Today Congress is expected to pass the long-awaited U.S. stimulus package, totaling $789 billion, in an attempt to salvage the economy from the deepening recession; markets and exchange traded funds (ETFs) will react, but which way, only time will tell.
Saving Jobs. So far, the U.S. economy has been in a recession for 14 months, the stimulus package will unveil large spending and tax cuts. Jeremy Pelofsky and Richard Cowan for Reuters reports that Congress’s goal is to create or save 3.5 million jobs in an economy that has seen massive job losses since the recession began in December 2007.
AFP reports that President Barack Obama’s national intelligence director Dennis Blair said the global crisis, first sparked by so-called sub-prime loans in the United States, was now the top US security concern.
Easing Foreclosures. It is no surprise that the wave of bad mortgages and lending standards is what spiraled the economy into the state of crisis, and spurred the flood of home foreclosures. Brian Grow, Keith Epstein and Robert Berner report for Associated Press that unless the foreclosure surge eases, even the most extravagant federal stimulus spending won’t spur an economic recovery.
The Obama administration is expected to come up with an initiative of $50 billion to help out distressed homeowners. More than 1 million homes are in foreclosure and another 5.9 million are expected to foreclose in the next four years, giving the situation a new angle. Obama’s plan cannot stem this crisis alone; banks and lenders are going to have to take huge losses and make exceptions to keep homeowners under their roofs.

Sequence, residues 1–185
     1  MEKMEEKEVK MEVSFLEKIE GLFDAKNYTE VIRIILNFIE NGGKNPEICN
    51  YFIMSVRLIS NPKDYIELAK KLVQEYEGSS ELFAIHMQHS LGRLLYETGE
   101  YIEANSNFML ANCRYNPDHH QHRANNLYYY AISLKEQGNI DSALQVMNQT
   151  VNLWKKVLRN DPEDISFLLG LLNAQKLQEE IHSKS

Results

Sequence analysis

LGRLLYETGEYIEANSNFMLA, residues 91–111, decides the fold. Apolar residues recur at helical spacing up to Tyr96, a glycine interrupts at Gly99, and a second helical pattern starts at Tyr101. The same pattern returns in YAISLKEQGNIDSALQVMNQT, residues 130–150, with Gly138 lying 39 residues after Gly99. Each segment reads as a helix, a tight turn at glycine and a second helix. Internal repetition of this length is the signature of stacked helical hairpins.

- iShares FTSE NAREIT Residential (REZ): down 14.9% over three months; up 0.2% in one week.
Lack of Confidence. Consumer confidence is reported to be at all-time lows, as measured by the Reuters/University of Michigan index, fell to 56.2 in early February from January’s late 61.2 reading. Consumer expectations are not too bright either, as Forbes reports that the index which measures sentiment in the months ahead, dropped to 49.1, the lowest level seen since May 1980.
Courtney Schlisserman for Bloomberg reports that declining stocks and the falling values of homes added to the bleak outlook of Americans’ view of their own financial well-being. The longest recession since 1982, including the loss of 3.57 million jobs, is changing Americans’ spirits, leading them to stop to spending.
- SPDR S&P Retail (XRT) up 11.2% over three months; up 0.4% in one week.
The opinions and forecasts expressed herein are solely those of Tom Lydon, and may not actually come to pass. Information on this site should not be used or construed as an offer to sell, a solicitation of an offer to buy, or a recommendation for any product.